17

The Head of Unit R.1 at the DG for Research and Innovation issued a certificate, dated 5 October 2016, which confirmed that the applicant had been engaged by the Commission in the DG for Research and Innovation and assigned to Unit RTD.B2 as a contract agent for the period from 1 February 2010 to 31 January 2013 and as an interim staff member for the periods from 1 February to 31 July 2013 and from 1 to 13 September 2013.

18

From 16 September 2013 to 15 May 2014, the applicant worked at the Parliament as a contract agent.

19

From 16 May 2014 to 15 July 2016, the applicant worked at the Executive Agency for SMEs (EASME) as a contract agent.

20

On 16 July 2016, the applicant was recruited as a contract agent by the Innovation and Networks Executive Agency (INEA).

Contested decision and other decisions concerning the expatriation allowance

21

For the period from 1 August 2009 to 31 January 2010, under the contract with the Parliament as an accredited parliamentary assistant referred to in paragraph 7 above, the applicant received the expatriation allowance under Article 4 of Annex VII to the Staff Regulations of Officials of the European Union (‘the Staff Regulations’).

22

On 28 October 2010, the applicant’s place of origin was determined as Bologna, with effect from 1 February 2010.

23

For the period from 1 February 2010 to 31 January 2013, under the contract as an auxiliary contract agent in the DG for Research and Innovation referred to in paragraph 8 above, the applicant received the expatriation allowance.

24

For the period from 16 September 2013 to 15 May 2014, under the contract as a contract agent at the Parliament referred to in paragraph 18 above, the expatriation allowance was not granted to the applicant, by decision of the Parliament of 24 October 2013. The applicant did not appeal against the decision of the Parliament rejecting his complaint against the decision not to grant him the expatriation allowance.

25

For the period from 16 May 2014 to 15 July 2016, under the contract as a contract agent at EASME referred to in paragraph 19 above, the applicant received the expatriation allowance.

26

For the period from 16 July 2016 onwards, under the contract as a contract agent at INEA referred to in paragraph 20 above, the expatriation allowance was not granted to the applicant, pursuant to a decision of 19 July 2016 of the Commission’s Office for the Administration and Payment of Individual Entitlements (PMO) (‘the contested decision’).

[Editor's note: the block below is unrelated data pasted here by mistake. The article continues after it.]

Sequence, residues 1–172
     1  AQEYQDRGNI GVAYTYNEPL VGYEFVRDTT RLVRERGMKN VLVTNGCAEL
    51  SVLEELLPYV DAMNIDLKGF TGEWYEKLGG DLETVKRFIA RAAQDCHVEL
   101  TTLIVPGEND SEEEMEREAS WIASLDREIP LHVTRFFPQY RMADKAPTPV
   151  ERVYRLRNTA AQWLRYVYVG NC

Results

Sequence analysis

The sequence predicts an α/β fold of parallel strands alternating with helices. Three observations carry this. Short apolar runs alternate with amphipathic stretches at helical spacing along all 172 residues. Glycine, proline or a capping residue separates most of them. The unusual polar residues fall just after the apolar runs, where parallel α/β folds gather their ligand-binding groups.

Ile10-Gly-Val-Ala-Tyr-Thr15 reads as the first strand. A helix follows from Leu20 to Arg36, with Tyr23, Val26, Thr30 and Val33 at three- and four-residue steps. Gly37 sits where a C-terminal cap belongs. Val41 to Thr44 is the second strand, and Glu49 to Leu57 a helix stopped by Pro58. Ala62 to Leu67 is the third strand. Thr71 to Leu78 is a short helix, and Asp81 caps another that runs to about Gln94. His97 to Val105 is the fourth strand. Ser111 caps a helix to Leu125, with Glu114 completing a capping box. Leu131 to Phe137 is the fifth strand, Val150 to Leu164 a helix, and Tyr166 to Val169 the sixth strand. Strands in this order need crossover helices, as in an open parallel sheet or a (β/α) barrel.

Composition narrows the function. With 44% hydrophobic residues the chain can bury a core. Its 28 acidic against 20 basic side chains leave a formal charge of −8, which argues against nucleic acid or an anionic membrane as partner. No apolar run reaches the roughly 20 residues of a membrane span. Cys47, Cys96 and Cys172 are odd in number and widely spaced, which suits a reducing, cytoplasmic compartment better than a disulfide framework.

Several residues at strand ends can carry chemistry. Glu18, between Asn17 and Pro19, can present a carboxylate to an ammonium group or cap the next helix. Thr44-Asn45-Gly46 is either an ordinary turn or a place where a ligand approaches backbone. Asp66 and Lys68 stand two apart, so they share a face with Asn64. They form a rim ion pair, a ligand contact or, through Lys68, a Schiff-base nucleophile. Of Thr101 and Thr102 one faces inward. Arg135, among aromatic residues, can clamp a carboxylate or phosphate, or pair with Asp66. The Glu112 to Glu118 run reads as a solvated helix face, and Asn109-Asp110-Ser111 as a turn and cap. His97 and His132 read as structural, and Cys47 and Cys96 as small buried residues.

27

On 17 October 2016, the applicant lodged a complaint under Article 90(2) of the Staff Regulations against the contested decision.

28

By decision of 3 February 2017, the authority empowered to conclude contracts of employment (AECE) of the Commission rejected that complaint on the ground, in essence, that it could not be said that the applicant, who had Belgian as one of his nationalities, had not maintained or established a link with Belgium during the reference period under Article 4(1)(b) of Annex VII to the Staff Regulations. According to the AECE, during that period, running from 15 July 2006 to 15 July 2016, the applicant had made his home in Brussels, where he had married and had three children. What is more, for 6 months and 2 weeks, between February and September 2013, the applicant carried out a private occupation in Brussels as an interim member of staff and that period of work could not be regarded as duties carried out in the service of an international organisation. Furthermore, for the period covering August 2013, during which the applicant was unemployed, he failed to show that his habitual residence was outside Belgium.

29

On 28 February 2017, the PMO took a decision, by way of recovery of undue payments, to recoup the expatriation allowance referred to in paragraph 25 above, paid to the applicant under the contract as a contract agent at EASME.

Proposal for temporary employment contracts for certain contract agents

30

On 30 May 2012, the Vice-President of the Commission issued a note for the attention of trade union and professional organisations concerning, in particular, the ongoing legislative process to reform the Staff Regulations and ‘the transitional measures affecting contract agents who will reach the maximum period of three years’ service with the Commission in the coming months’. In that regard, the note both stated that it was ‘impossible to make exceptions to the regulations in force’ and also reminded services that ‘appropriations from the overall budget [could] be used to finance interim contracts in compliance with applicable national provisions’.